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BetteBack September 23, 1996: `Wives’: why men aren’t laughing

`Wives’: why men aren’t laughing
The Boston Globe (Boston, MA)
September 23, 1996 | Diane White, Globe Staff


`The First Wives Club” doesn’t do much to elevate the level of discourse between the sexes, but it does have some funny one-liners.

“All of a sudden I’m holding him back because I won’t go Rollerblading!” says Bette Midler‘s Brenda, explaining why her husband has left her for a much younger (and much, much skinnier) woman.

Lines like that one may be funnier if you’re female. In fact, the whole movie is probably funnier if you’re female, which doubtless is as it’s meant to be. The film is loosely based on Olivia Manning’s darkly comic novel about three 40-ish women, former schoolmates, who meet after many years at the funeral of a friend who killed herself because her husband left her for a younger woman. The three survivors discover they’ve all been abandoned by their husbands for younger partners, and they join forces to wreak acts of vengeance that are far-fetched, to put it mildly.

“The First Wives Club” is a knee-jerk feminist revenge comedy, kind of “Thelma and Louise Meet Annie Hall,” except nobody ends up dead, nobody besides the suicidal friend, that is. The plot line expires, though, about halfway through the movie, when it forsakes comedy and turns earnest and uplifting.

Up until then I thought it was reasonably hilarious.

A friend disagrees. In fact, he hated the movie, all of it. He was uncomfortable sitting in a theater with a mostly female audience who cheered every time one of the errant males in the movie got his just — or unjust, depending on your point of view — deserts.

I can understand that. But how can you hate a movie that has Midler and Goldie Hawn? And Diane Keaton too, if you like that sort of thing. And what about those funny lines? When Hawn, as the fading movie star Elise, begs her cosmetic surgeon to inject more collagen into her lips: “I want Tina Turner! I want Mick Jagger!” she whines. “I want young! Science-fiction young!” Funny, no?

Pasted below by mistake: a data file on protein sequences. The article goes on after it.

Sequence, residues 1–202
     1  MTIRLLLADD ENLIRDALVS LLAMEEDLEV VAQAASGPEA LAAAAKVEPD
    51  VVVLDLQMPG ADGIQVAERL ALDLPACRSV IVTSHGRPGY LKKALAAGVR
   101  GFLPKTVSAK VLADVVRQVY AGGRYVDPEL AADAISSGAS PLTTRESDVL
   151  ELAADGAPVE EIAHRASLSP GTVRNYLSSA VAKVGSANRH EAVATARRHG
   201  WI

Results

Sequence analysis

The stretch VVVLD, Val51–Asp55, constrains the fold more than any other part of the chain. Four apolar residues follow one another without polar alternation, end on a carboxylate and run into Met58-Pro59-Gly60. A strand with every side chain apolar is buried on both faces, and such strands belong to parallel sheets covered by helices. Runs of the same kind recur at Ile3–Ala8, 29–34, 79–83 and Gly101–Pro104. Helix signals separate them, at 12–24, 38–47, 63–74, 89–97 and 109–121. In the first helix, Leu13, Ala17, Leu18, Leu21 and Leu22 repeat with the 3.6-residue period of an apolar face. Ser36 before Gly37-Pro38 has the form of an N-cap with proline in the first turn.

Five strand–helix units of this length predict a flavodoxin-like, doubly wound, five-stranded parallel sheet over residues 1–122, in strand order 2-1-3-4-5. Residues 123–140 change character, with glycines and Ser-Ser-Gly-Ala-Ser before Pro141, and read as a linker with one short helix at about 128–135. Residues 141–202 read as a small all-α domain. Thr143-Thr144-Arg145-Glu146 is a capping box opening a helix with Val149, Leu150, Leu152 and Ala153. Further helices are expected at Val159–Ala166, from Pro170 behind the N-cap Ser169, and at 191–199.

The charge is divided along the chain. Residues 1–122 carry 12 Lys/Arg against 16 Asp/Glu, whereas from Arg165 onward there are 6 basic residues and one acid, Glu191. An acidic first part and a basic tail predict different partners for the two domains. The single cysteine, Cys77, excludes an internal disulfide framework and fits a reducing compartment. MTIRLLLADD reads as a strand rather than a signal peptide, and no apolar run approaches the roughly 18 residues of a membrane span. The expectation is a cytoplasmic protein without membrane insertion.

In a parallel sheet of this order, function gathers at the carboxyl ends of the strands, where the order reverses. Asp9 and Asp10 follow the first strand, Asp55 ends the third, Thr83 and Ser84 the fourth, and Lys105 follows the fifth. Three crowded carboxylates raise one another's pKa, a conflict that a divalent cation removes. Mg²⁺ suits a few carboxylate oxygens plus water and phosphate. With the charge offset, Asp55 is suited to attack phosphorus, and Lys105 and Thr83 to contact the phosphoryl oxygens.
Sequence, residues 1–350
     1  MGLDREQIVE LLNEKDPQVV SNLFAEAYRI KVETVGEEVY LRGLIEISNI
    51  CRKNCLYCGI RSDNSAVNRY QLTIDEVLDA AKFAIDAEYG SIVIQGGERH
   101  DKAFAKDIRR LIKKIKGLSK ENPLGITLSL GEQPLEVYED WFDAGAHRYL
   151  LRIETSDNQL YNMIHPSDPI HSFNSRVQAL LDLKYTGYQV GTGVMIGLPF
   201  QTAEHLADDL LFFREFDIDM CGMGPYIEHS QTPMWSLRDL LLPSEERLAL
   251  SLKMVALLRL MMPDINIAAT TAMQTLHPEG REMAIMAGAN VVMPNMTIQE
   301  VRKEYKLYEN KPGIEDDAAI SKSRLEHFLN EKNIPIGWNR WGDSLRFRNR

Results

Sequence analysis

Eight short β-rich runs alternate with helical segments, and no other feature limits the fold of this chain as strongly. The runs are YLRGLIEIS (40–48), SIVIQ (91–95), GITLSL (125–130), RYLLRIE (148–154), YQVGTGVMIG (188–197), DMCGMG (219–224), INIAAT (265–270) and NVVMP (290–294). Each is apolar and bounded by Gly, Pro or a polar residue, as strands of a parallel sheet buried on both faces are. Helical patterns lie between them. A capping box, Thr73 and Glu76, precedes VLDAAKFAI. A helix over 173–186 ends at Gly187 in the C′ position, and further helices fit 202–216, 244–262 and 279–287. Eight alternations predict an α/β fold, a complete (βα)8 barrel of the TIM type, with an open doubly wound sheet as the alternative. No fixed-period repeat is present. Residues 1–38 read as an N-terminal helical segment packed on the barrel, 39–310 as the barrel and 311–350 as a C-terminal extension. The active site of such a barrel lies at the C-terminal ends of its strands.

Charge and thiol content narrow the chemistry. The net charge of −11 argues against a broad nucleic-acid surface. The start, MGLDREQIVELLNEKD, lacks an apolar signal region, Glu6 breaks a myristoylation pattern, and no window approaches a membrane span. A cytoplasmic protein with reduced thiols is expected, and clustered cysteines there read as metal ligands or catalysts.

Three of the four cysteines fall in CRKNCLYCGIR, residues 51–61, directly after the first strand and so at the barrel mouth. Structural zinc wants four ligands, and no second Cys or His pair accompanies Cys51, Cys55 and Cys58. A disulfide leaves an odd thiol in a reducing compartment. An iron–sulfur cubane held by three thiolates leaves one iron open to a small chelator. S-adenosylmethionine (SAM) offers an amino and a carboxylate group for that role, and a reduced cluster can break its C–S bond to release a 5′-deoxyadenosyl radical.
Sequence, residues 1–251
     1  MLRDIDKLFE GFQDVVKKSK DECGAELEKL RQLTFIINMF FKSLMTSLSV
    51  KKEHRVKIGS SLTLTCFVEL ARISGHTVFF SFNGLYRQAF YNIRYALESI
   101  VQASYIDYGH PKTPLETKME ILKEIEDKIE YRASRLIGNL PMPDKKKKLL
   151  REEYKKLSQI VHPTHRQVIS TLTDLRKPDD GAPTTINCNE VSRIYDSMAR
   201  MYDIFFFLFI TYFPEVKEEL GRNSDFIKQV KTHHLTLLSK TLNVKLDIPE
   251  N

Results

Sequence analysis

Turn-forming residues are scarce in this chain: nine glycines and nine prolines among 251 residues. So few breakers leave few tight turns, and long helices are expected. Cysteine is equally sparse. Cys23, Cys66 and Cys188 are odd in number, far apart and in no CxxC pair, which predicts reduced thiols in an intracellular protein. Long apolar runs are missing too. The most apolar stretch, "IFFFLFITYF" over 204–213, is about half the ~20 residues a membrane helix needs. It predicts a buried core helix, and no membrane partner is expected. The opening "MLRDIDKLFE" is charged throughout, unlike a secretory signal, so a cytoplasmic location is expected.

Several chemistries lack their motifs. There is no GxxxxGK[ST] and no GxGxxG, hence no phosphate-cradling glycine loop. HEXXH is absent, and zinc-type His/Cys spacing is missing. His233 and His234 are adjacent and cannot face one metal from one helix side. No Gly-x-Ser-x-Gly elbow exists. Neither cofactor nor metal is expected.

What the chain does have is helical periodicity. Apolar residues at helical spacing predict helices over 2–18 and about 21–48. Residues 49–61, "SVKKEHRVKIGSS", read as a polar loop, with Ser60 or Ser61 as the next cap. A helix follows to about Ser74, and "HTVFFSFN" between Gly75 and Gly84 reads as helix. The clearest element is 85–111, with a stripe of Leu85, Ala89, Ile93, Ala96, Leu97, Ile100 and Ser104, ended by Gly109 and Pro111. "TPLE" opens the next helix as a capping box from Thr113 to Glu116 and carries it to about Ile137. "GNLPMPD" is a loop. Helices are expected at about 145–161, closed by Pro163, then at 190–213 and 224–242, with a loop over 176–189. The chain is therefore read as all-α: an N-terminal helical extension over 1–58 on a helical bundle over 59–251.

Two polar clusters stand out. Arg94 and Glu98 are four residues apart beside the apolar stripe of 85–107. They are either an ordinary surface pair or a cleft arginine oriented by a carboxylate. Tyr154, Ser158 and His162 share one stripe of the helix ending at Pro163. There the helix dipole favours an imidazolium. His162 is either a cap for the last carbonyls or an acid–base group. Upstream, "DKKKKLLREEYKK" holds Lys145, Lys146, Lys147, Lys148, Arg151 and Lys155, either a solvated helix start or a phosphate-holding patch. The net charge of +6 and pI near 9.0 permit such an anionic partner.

Funny no, my friend says, not particularly funny at least. Is this the humor gender gap we keep hearing about? Men and women tend to laugh at different things. Generally speaking. Or so those who study humor say. For instance, it’s a rare man who’ll laugh at a joke about baldness or prostate problems. But women can’t stop laughing about PMS and menopause.

The experts say that women tend to laugh at themselves, whereas men tend to laugh at others. (By “others” do they mean women, or does it just seem that way?) This is why, I explained to my friend, we can both laugh about my being fat but only I can laugh about his comb-over. He didn’t think that was funny.

“The First Wives Club” starts to wobble when the main characters quit laughing at themselves and get into an I-am-woman-hear-me-roar mode. They acquire — what else? — self-esteem, and launch elaborate schemes to get back at their husbands. The male-bashing is for the most part not funny, in part because all the men in the movie aren’t interesting. They’re all one-dimensional, stereotypical, self-centered jerks.

The film bogs down completely near the end when the trio opens a women’s crisis center, apparently — although it’s never explicitly stated — to help other women give their husbands the shaft. The launch party for this place is a festival of egregious celebrity cameos. Gloria Steinem appears in one shot, Ed Koch in another. And Ivana Trump offers her own words of wisdom, “Don’t get even. Get everything.” Swell, Ivana. Kathie Lee Gifford, in what has got to be one of the worst career moves ever, pops up to interview Midler et al. What, I can’t help but wonder, does the first Mrs. Frank Gifford think of that?

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